Book, ‘Mennonite Ethics: from isolation to engagement’ by J. Lawrence Burkholder

A new book, titled “Mennonite Ethics: from isolation to engagement,” written by former Goshen College President J. Lawrence Burkholder and edited by Lauren Friesen, a 1985 Goshen College graduate, is now available online.

Burkholder served as a professor in Goshen College’s Bible, Religion and Philosophy Department from 1949-1961, and later as president from 1971-1984.

Lauren Friesen is the David M. French Professor Emeritus at the University of Michigan and a Certified Docent at the Oriental Institute at the University of Chicago.

“Over the past few years, I have been editing these volumes and now they appear under one cover,” Friesen said. “Two of the manuscripts were never published and therefore appear in print for the first time.  One, on Mennonite Social Responsibility, was published in 1989, but in a very limited edition (300 copies) and never reprinted.  I edited the works but did not alter them other than add footnotes, make a few corrections on existing footnotes and added a major bibliography. The footnotes were added because Lawrence changed his mind on a number of subjects and whenever I thought that change of perspective was important, I added a footnote explanation.”

In the book, Burkholder explores the strengths and limitations of the stance Mennonites took on nonconformity, which meant withdrawal from society. Volume II expands an analysis of the limitations and proposes a solution whereby Mennonites can continue their ethical stance but become engaged in nonviolent solutions to social problems. Volume III applies the ideas in real-life situations. He concludes that nonviolent action on the local/congregational level is needed to continue our peace witness and resolve tensions in the world, introducing the concept of ambiguity as an ethical value while recognizing that the former absolutes no longer are viable.

“For anyone who cares about the tensions between — and the possible integration of — peace and justice, nonconformity and active engagement, faithfulness and relevance, this text is essential reading,” writes Keith Graber-Miller, professor of Bible, religion and philosophy at Goshen College.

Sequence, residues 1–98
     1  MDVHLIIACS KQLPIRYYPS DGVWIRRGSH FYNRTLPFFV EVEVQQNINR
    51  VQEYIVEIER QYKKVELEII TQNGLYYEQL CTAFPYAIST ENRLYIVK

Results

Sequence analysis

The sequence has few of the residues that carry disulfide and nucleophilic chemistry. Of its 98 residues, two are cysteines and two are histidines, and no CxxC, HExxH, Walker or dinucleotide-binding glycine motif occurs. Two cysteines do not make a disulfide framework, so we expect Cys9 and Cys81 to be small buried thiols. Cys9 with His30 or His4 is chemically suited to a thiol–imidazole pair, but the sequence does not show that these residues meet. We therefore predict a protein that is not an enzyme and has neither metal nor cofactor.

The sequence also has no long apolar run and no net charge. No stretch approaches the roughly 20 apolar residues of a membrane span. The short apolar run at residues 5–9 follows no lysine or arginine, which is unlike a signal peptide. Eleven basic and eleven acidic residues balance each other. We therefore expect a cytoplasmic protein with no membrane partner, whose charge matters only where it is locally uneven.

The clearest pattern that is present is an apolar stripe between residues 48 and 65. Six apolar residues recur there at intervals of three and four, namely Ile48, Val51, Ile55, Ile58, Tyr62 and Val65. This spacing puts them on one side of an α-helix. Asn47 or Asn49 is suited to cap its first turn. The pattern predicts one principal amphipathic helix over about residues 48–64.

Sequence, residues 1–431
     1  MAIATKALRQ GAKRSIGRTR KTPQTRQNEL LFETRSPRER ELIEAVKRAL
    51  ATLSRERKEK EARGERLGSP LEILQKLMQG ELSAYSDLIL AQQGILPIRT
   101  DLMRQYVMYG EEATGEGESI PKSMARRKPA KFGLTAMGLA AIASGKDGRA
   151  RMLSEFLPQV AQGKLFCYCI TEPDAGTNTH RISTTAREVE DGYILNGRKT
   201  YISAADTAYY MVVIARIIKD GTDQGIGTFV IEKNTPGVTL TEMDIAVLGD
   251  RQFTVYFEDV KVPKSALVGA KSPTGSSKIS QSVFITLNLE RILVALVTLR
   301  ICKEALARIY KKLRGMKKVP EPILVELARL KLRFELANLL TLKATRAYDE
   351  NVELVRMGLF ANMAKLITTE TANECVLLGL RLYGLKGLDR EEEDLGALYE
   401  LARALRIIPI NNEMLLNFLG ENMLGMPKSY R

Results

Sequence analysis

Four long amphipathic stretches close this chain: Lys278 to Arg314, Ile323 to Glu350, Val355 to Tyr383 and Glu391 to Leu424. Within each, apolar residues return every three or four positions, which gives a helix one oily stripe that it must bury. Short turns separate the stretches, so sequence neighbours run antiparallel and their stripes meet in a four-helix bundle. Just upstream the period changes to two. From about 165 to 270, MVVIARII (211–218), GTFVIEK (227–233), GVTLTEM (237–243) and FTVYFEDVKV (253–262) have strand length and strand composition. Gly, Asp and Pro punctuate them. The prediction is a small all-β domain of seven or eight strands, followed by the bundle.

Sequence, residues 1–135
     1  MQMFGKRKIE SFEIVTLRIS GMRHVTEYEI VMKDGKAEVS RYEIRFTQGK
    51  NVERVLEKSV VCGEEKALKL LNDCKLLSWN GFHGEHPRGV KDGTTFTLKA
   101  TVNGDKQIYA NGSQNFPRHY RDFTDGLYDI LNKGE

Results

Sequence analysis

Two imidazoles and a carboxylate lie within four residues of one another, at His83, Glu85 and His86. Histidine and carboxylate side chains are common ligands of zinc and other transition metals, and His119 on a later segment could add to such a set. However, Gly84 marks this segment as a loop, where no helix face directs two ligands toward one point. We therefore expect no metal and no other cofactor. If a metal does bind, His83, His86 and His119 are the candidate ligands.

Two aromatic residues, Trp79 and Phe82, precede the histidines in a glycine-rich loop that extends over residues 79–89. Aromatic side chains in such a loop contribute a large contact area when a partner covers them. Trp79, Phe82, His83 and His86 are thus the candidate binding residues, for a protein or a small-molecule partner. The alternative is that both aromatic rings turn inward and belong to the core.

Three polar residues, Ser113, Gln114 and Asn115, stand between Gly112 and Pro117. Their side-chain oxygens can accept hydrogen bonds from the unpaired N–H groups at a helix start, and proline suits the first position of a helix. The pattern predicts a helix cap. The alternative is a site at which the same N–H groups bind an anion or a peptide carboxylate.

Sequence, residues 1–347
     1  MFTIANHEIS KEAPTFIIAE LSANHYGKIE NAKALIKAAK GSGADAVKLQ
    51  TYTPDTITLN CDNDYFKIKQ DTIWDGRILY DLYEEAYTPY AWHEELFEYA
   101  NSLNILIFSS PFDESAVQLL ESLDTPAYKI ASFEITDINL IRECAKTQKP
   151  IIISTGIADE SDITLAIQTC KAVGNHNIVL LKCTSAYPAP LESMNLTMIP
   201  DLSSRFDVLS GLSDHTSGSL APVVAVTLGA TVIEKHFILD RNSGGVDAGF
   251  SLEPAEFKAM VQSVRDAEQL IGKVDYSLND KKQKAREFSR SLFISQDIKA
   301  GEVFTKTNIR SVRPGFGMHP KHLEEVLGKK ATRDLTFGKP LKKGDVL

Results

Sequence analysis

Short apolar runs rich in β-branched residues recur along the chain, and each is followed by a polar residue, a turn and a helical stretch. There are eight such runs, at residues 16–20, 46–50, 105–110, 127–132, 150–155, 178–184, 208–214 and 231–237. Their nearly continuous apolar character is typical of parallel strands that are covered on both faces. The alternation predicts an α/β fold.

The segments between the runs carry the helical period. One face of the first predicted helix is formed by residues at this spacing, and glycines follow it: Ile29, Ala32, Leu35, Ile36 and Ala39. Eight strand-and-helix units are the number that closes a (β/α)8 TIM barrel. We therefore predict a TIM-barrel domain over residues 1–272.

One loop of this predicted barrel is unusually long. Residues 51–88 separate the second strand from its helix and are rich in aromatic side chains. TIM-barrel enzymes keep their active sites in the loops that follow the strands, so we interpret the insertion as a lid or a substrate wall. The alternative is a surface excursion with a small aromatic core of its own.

Burkholder was considered a sectarian realist who advocated nonviolent activism in order to engage the faith community with the power structures that guide society and politics. He encouraged the Mennonite church to move beyond its tradition of withdrawal and separatism in order to renew its moribund spirit.

Burkholder assumed that people of faith, and especially Mennonites, should impact social and political structures through nonviolent action, and thereby make those systems more just and peaceful. Any withdrawal of that responsibility was, according to his thinking, a denial of the gospel itself. Efforts to hold onto the principle of a withdrawn or separate community were, for Lawrence, a delusion the Mennonite church could no longer afford.

In his final essay he observed, “It is not enough for churches to be committed to love and justice while ignoring power. The Anabaptist mind is one of paradox. On the one hand, the Anabaptist expressed joy and victory in this world claiming that the possibilities of life are virtually unlimited. Anabaptists were not conscious, as was Luther, of the legacy of original sin which placed a limit to human attainment. They claimed that Jesus came to bring life here and now, which means inexpressible joy and satisfaction. On the other hand, Anabaptists took a sober attitude toward life and at times this developed into a near morbidity…”.

His memoir, Reflections of a Sectarian Realist, was published in 2016 by the Institute of Mennonite Studies. His early career experiences included relief work in China, serving as a Mennonite pastor and Associate Professor of Theology at Goshen Biblical Seminary. Burkholder received his B.A. degree from Goshen College, a Bachelor of Divinity from Gettysburg Theological Seminary, a Master of Arts and a Doctor of Theology (summa cum laude) from Princeton Theological Seminary. Burkholder served as a professor in Goshen College’s Bible, Religion and Philosophy Department from 1949-1961, until he was called to serve as a professor at Harvard Divinity School. While at Harvard, Burkholder also became involved in the civil rights movement, and in 1964 he was arrested during a sit-in at a segregated restaurant in St. Augustine, Florida.

In 1971 Burkholder left the Ivy League to to serve as Goshen College’s 11th president, a post he held until 1984, with the conviction that “Mennonites had something to contribute to the world, and I wanted to be part of it,” he said.